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Analysis

EU’s Erasmus scheme is opportunity for all, not just elite

by Clare Maclure | 11.06.2019

The EU’s Erasmus programme has a misleading image of just being a student exchange scheme and, as such, a bit elitist. But Erasmus is designed to boost education, training and opportunities for all EU citizens – and that will be even more true in the future.

Like many EU ideas, Erasmus is poorly understood in the UK, and may only be fully appreciated by the British public if Brexit means we’re no longer a part of it.

It includes activities for those at school as well as those at university, for work as well as study placements, for teachers as well as students, for organisations as well as individuals. It promotes the modernisation of education and training systems, innovation and exchange of good practice in education policy, as well as good governance in sport across Europe.

Erasmus is set to be expanded massively in the EU’s next spending period, between 2021 and 2027, with its budget doubled to £27 billion. The European Commission expects 12 million school pupils, higher education students, trainees, teachers, trainers, youth workers, sports coaches, learners in vocational education and training as well as adult learning staff in Europe to benefit – that’s three times more than in the previous period.

The next phase of Erasmus also aims to knock its elitist image on the head. The European Commission wants it to reach out to people of all social backgrounds and to help them study for the future –  in areas such as renewable energy, climate change, environmental engineering, artificial intelligence and design.

According to the British Council, which jointly runs Erasmus in the UK, 40,000 Brits went abroad to study, train, volunteer or gain professional experience in 2015-16 via an Erasmus-supported scheme, while almost 50,000 Europeans came to the UK.

The UK’s participation in Erasmus as an EU member is due to end with Brexit. But exactly how it will disentangle – and potentially reattach – itself is unclear. Under the failed Withdrawal Agreement, which Theresa May negotiated, the government promised that all Erasmus projects would continue as planned during the transitional period until 2020. Negotiations about whether the UK would participate in the 2021-2027 programme could then have taken place during the transition period.

If the UK leaves without a deal, the government has promised UK participants can complete any Erasmus projects that have already been agreed and to underwrite funding for the lifetime of the projects. But it is unclear whether individuals or organisations will now be able to participate in new Erasmus activities planned for the 2019-2020 academic year.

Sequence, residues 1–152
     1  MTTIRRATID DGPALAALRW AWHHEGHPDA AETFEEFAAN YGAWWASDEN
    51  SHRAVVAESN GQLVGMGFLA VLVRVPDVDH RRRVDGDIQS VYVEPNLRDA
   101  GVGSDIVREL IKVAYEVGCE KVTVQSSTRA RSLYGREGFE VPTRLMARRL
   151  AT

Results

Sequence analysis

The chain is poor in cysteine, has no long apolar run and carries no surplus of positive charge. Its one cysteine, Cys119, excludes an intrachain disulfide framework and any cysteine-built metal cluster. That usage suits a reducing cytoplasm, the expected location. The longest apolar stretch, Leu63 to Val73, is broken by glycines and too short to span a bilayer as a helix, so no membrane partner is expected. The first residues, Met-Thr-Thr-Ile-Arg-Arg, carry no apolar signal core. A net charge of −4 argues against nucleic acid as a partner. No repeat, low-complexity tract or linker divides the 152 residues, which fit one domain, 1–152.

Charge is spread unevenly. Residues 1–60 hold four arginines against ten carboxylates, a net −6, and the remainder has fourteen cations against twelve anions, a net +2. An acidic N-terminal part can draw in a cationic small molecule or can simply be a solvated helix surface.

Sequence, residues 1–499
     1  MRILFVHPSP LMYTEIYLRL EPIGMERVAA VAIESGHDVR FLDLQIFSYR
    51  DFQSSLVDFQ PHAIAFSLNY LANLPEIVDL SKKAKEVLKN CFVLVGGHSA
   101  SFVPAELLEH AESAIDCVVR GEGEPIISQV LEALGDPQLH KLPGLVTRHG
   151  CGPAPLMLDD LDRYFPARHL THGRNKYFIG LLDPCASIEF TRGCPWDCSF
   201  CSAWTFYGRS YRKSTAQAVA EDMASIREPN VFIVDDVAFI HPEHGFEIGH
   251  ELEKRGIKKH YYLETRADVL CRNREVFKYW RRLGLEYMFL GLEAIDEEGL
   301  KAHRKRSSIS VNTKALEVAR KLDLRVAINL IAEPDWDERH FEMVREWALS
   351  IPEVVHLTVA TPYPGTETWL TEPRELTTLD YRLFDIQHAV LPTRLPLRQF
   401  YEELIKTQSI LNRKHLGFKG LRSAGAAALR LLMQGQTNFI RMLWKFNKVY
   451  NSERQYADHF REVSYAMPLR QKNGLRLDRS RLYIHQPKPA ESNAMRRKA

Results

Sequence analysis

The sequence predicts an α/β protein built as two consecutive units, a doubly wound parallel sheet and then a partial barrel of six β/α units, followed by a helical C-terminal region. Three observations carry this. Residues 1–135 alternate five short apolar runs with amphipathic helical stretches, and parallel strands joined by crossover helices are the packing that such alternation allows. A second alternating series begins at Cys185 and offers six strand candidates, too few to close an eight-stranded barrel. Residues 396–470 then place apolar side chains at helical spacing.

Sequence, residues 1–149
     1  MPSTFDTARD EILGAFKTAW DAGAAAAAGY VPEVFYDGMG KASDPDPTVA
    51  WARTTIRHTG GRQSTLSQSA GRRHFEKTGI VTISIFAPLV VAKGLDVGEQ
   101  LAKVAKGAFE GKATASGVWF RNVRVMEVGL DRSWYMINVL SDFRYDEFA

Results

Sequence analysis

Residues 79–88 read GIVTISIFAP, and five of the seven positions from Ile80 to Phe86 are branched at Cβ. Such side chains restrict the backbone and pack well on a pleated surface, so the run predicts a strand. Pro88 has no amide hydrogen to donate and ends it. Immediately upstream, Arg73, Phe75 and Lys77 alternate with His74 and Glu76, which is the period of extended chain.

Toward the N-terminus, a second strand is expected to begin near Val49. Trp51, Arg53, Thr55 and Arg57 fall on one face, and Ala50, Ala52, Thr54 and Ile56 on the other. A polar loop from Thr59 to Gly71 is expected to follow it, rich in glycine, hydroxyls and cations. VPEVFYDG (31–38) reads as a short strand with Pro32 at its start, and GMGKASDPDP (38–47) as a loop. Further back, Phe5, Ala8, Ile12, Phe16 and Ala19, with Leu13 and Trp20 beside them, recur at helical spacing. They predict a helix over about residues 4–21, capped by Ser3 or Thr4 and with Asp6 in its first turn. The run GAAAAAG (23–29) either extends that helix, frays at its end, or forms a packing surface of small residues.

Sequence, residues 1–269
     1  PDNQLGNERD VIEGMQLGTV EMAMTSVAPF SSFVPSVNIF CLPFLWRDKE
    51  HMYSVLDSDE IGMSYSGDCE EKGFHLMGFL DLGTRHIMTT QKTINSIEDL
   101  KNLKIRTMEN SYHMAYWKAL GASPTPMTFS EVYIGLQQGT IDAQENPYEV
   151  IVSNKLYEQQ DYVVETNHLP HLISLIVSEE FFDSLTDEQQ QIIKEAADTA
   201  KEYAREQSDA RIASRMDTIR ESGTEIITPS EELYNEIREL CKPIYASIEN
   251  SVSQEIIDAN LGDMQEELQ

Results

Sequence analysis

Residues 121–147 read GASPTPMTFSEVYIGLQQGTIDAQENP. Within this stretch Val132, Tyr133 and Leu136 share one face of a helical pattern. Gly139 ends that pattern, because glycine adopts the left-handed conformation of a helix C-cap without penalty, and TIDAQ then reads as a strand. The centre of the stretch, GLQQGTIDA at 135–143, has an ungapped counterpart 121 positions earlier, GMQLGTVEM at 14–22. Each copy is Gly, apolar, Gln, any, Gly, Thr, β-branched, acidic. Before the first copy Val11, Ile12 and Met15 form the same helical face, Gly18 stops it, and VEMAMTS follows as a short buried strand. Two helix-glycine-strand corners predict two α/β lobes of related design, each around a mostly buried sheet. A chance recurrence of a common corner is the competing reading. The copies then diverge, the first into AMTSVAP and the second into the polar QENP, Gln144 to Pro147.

Even if there is a Brexit deal it remains unclear whether the UK will seek to rejoin Erasmus.  Norway, Iceland, Liechtenstein, Turkey, North Macedonia and Serbia all participate fully as “non-EU programme countries”. Other countries are classified as “partner countries” and can participate in Erasmus activities under certain circumstances.

In February the House of Lords’ EU committee concluded the Erasmus programme was “an overwhelming force for good” and the UK should seek full membership of “this important initiative”. If that could not be negotiated, the committee said, it would be essential for the government to establish an alternative UK scheme.

But it would be an enormous challenge to match the enhanced employment opportunities, language skills and boost to quality learning and teaching that Erasmus offers. As the LSE’s Anne Corbett puts it, such an ambitious scheme ”is easy to destruct and very difficult to reconstruct”.

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Edited by Luke Lythgoe

One Response to “EU’s Erasmus scheme is opportunity for all, not just elite”

  • There are many reasons why I am pro the EU and one of them is the Erasmus scheme. It provides excellent opportunities for citizens of the EU and I wish it to be an option for my grandchildren currently in the early years of their secondary education. Should they lose this option I will be very angry.
    My MP, Suella Braverman, studied European Law at the Sorbonne under the Erasmus scheme and, I believe, obtained a second degree there. She now wishes to deny this opportunity to others which I find extraordinary. I would have thought such an experience would have made her pro EU not unwaveringly against it. I don’t understand why she holds such right wing views and calls the ECJ everything under the sun. Whether she thinks this will further her own career in the UK practising law, I know not. But what I do know is that she is playing roulette with the future of the young people in this country. Such hypocrisy.
    But as Clare Maclure’s article states most British people are unaware of such schemes as Erasmus and it needs to be shouted from the roof tops that it exists. Many people who voted leave in 2016, I believe, voted in protest that they were being left behind, But it looks to me as if this was a one-off vote as, since 2016, these guys have not turned out to vote in any other election in such numbers, judging by the turn out figures.